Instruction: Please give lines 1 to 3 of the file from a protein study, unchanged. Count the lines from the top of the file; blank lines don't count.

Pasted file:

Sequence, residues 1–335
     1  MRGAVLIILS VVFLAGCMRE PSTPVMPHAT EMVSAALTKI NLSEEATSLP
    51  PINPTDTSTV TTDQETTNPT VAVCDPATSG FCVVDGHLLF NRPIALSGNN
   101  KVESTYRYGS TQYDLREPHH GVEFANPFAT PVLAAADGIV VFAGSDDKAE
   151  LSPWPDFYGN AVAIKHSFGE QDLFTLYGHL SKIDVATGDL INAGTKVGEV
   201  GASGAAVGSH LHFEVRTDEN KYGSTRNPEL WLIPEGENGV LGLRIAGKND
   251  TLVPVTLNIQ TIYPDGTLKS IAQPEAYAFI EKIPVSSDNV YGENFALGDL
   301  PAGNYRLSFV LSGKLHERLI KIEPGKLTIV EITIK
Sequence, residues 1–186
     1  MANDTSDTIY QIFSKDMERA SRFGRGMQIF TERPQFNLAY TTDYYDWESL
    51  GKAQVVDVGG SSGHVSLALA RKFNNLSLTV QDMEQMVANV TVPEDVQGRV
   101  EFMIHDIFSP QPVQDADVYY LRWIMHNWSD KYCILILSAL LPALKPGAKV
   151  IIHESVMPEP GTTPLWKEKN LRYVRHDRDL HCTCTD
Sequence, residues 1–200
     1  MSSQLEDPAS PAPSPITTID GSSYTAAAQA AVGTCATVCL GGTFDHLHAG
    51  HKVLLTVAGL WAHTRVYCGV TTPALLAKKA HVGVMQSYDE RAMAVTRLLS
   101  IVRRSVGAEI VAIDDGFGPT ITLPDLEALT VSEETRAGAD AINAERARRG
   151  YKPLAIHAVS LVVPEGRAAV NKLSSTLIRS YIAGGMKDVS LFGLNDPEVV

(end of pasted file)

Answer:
Sequence, residues 1–335
     1  MRGAVLIILS VVFLAGCMRE PSTPVMPHAT EMVSAALTKI NLSEEATSLP
    51  PINPTDTSTV TTDQETTNPT VAVCDPATSG FCVVDGHLLF NRPIALSGNN